J: And Sarah was constantly saying, “This is it. This is what we should have.” Then we moved back to America and we got a gigantic fridge.

S: Yeah, but there was a market around the corner from where we were living — 

J: That’s true.

S: —and you could just get what you needed and it was just, y’know, that walkable lifestyle that we could have if it was a priority, John.

J: That’s right.

S: But! Back to the question. I mean, there’s that question. Maybe it creates a humidity area for it. So it doesn’t dry out, like the crisper?

J: [overlapping] Well, I recently learned that the crisper has an actual purpose. And I’d always thought — up until I was about 44 — that the crisper was just the area of the refrigerator where one traditionally puts traditionally puts vegetables and fruits.

 (06:00) to (08:00)

J: It’s sort of like, why do you wear white at a wedding? You just do.

S: It’s just custom.

J: As long as you’re a guest.

S: Right. [laughs]

J: I always wear a white tuxedo to any wedding I go to. It’s a strict policy of mine.

S: Everyone enjoys it.

J: It’s a great bit!

S: Yeah, but, if we have fresh baked bread and I’m gonna be using butter I do like to keep it out on the counter. And I don’t know how you feel about that.

J: Sarah does not feel like butter really needs to be that refrigerated.

S: Well, if you follow certain protocol it doesn’t have to be.

J: Lemmie google that real quick…

S: [reading] According to the USDA butter is safe at room temperature, but if it’s left out for several days at room temperature it can turn rancid, causing off flavors. The USDA does not recommend leaving it out for more than 1-2 days.

J: But you can leave it out for a whole day and nothing bad happens.

S: Yeah, unless your house is really hot, y’know?
J: Yeah. If your house is, like, 130°[F], then you’re gonna get melted butter for sure.
S: Or rancid butter.
J: Alright, Sarah, we’ve got another question from Melody, who writes:
Dear John and Sarah,
I’m 22 and last spring I had a stroke, or maybe two, and as a result of this I lost a fair amount of memories of names and places. How do I explain this to people without getting all their sympathy? Like, I’m really fine but I also don’t remember your name even though I know that I know you. 
Anyways, the whole thing is hard,
J: That does sound hard.

S: That does sound very hard, Melody.

J: But isn’t that a good answer? Just say, “I’m fine, I really am, but I also don’t remember your name.”

S: Right. “Because I had a stroke.”

J: Or two.

S: Or two.

J: But then if you say, “I had a stroke or two,” I think Melody’s point is that, like, they don’t wanna have people feel bad for them. They don’t wanna be like, “Oh yes, every time I have to go through this sort of dance of sympathy when I’m fine. I just don’t remember your name.”

 (08:00) to (10:00)

S: Well, it’s like… I’m not suggesting this, I’m just throwing ideas here. Like, you could do the thing where you have a little card.

J: Yeah, I have a buddy who has a card. He just hands out the card and it says, “If I am struggling with my speech you don’t need to worry. It’s just a thing.”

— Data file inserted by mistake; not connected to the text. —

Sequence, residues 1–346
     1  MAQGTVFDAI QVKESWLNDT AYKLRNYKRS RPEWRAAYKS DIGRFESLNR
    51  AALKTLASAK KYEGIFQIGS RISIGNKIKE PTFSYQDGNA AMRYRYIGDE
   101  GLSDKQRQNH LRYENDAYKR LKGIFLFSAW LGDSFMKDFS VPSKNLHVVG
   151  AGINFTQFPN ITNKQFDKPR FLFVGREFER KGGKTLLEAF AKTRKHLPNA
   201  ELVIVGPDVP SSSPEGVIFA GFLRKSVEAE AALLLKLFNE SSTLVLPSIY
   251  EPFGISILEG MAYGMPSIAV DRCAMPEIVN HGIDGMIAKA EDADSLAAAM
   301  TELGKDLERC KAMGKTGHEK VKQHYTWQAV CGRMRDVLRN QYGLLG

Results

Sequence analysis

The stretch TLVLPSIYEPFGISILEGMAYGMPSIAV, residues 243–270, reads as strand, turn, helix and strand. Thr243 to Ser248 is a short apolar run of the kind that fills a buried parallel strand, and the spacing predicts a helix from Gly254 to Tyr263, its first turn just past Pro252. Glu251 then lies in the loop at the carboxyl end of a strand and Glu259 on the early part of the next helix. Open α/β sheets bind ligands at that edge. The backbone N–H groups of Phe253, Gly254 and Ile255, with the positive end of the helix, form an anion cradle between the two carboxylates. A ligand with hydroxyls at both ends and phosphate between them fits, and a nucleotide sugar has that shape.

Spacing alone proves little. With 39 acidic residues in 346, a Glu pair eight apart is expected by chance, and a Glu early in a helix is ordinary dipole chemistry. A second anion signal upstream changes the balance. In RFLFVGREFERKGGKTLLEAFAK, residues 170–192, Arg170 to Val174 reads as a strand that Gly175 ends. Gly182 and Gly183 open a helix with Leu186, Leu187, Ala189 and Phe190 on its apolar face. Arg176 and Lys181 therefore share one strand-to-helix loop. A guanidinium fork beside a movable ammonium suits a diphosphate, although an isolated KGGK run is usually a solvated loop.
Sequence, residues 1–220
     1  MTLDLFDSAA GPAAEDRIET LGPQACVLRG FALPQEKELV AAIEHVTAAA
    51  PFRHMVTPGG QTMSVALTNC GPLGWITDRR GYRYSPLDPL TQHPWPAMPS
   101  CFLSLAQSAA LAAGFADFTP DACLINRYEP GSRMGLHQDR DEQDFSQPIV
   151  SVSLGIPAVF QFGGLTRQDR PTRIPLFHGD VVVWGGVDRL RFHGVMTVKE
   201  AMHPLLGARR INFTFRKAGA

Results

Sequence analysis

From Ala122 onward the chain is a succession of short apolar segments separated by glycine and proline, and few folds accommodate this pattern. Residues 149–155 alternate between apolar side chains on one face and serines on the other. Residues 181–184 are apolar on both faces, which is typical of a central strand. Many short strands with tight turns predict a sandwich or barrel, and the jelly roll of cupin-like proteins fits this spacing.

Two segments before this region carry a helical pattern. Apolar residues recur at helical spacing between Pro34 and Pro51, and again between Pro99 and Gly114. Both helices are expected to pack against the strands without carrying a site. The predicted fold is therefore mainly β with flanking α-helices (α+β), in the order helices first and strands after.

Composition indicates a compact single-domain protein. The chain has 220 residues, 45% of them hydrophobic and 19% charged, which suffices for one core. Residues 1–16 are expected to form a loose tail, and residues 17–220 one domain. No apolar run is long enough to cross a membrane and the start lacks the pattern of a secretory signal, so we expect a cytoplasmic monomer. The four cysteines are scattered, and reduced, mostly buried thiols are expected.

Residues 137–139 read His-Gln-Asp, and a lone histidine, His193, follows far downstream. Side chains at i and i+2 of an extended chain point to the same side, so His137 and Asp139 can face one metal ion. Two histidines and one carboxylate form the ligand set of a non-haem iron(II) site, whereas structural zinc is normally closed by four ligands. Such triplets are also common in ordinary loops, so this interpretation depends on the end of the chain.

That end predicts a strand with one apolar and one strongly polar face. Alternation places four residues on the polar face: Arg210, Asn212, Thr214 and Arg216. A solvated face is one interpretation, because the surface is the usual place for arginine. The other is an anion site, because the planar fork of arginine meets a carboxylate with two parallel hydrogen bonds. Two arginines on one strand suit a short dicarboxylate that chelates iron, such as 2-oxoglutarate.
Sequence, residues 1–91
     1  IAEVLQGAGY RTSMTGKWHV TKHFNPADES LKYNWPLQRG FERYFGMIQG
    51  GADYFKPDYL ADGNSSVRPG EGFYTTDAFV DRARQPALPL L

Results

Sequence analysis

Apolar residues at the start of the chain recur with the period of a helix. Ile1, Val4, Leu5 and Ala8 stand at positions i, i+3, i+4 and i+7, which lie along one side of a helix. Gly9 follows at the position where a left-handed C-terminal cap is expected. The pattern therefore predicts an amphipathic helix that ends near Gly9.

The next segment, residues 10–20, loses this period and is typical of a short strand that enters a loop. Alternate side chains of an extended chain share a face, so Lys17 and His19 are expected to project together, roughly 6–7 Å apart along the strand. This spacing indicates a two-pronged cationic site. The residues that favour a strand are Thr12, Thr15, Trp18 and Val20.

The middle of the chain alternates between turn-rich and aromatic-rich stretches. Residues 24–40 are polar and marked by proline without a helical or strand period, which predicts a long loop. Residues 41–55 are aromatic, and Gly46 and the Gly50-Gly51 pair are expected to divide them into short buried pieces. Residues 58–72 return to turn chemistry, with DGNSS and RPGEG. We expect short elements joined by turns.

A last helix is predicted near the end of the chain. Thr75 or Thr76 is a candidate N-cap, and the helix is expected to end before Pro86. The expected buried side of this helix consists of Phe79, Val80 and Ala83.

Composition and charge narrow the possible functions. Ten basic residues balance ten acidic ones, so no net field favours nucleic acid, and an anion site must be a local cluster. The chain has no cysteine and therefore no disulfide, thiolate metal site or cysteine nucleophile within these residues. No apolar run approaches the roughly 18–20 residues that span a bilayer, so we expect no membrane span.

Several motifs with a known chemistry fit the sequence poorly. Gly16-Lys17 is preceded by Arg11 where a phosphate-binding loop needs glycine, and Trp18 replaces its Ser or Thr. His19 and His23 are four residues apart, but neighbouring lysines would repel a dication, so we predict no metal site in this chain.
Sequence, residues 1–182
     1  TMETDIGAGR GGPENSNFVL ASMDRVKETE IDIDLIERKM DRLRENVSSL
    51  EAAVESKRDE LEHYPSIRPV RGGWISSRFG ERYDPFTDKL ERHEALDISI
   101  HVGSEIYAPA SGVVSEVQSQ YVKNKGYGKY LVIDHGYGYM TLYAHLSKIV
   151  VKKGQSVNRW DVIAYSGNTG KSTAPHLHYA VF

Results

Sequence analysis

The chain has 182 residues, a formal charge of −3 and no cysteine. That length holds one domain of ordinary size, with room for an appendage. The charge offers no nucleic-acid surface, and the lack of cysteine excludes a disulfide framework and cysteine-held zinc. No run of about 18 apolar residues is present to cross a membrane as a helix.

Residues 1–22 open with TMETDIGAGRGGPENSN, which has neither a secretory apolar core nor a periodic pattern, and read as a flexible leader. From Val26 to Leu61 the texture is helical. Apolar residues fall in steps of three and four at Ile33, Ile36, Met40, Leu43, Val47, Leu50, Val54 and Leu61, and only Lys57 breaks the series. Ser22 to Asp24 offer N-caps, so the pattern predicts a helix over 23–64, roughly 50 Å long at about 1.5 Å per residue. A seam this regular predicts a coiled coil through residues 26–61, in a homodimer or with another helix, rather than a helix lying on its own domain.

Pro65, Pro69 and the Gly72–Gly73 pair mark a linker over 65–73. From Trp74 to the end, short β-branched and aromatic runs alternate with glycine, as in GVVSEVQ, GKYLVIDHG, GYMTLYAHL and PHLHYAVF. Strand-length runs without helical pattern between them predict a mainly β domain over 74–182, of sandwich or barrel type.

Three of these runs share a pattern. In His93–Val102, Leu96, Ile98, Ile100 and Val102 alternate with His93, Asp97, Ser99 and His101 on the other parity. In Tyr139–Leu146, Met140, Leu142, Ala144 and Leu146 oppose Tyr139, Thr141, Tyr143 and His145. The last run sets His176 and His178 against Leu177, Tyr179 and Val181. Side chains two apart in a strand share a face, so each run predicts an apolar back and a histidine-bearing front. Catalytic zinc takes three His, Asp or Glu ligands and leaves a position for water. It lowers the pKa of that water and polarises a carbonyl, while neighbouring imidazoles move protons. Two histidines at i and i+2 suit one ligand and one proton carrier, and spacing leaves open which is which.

S: Right. So you could do that and that you way you could pick exactly — 

J: What you wanna say.

S: What you wanna say. And it sounds like you’ve got a sense of humor, Melody. So you could make it funny… Or not. And you could communicate that way. But, y’know? I feel like… I dunno, John, [laughing] you never remember people.

J: I don’t remember a lotta names. I don’t remember a lotta names, it’s true.

S: And you don’t really have a good excuse.

J: Well, I certainly don’t have a good excuse.

S: What do you do?

J: Well, the first thing I do is… I get a little offended, Melody, if people expect me to remember their name because I don’t remember them to remember my name. And what is this thing with expecting… every time you see someone you should reintroduce yourself. That’s what I do. I say, “Hi, it’s John. Nice to see you again.”

S: Well, I think there should be a point after which if they’re a very close friend you don’t expect that. But yes — 

J: [overlapping] But I would argue—

S: I try to do that when I run into somebody. I’ll say, like, “Heyyy, Sarah Green. Great to see you.”

J: But I would argue Melody’s very close friends and family probably already don’t expect Melody to remember the name, necessarily? So probably not them that’s the issue. And if it is that’s kind of on them. Like, they’ve had time to get used to it. So I feel like it’s mostly people like, “Oh yeah, no, I’ve seen you 30 times in my life. Or 100 times in my life. But I haven’t seen you in a while. And I don’t remember your name.”

 (10:00) to (12:00)

S: Right. I guess one approach would be to just talk to them while not… just sort of embrace not knowing who they are. And try to have a connection with them without knowing their name.

J: I love to say, “Hey, buddy. Good to see you, bud. How you doin’, buddy?” 

S: I feel like that’s a little bit patronizing.

J: Well, what do you want me to say?

S: [laughing] “Hiiiii!” 

J: I do that sometimes.

S: [rising, friendly intonation] “Isn’t this a nice day??”

J: I’ll say “hi” with uptalk sometimes. I’ll be like, [rising intonation] “Hiiii! Oh yeahhhhh, we haven’t seen each other in… [blows out a breath] Weeks? Months? Years?”

S: [overlapping] “Howwwww long has it been?”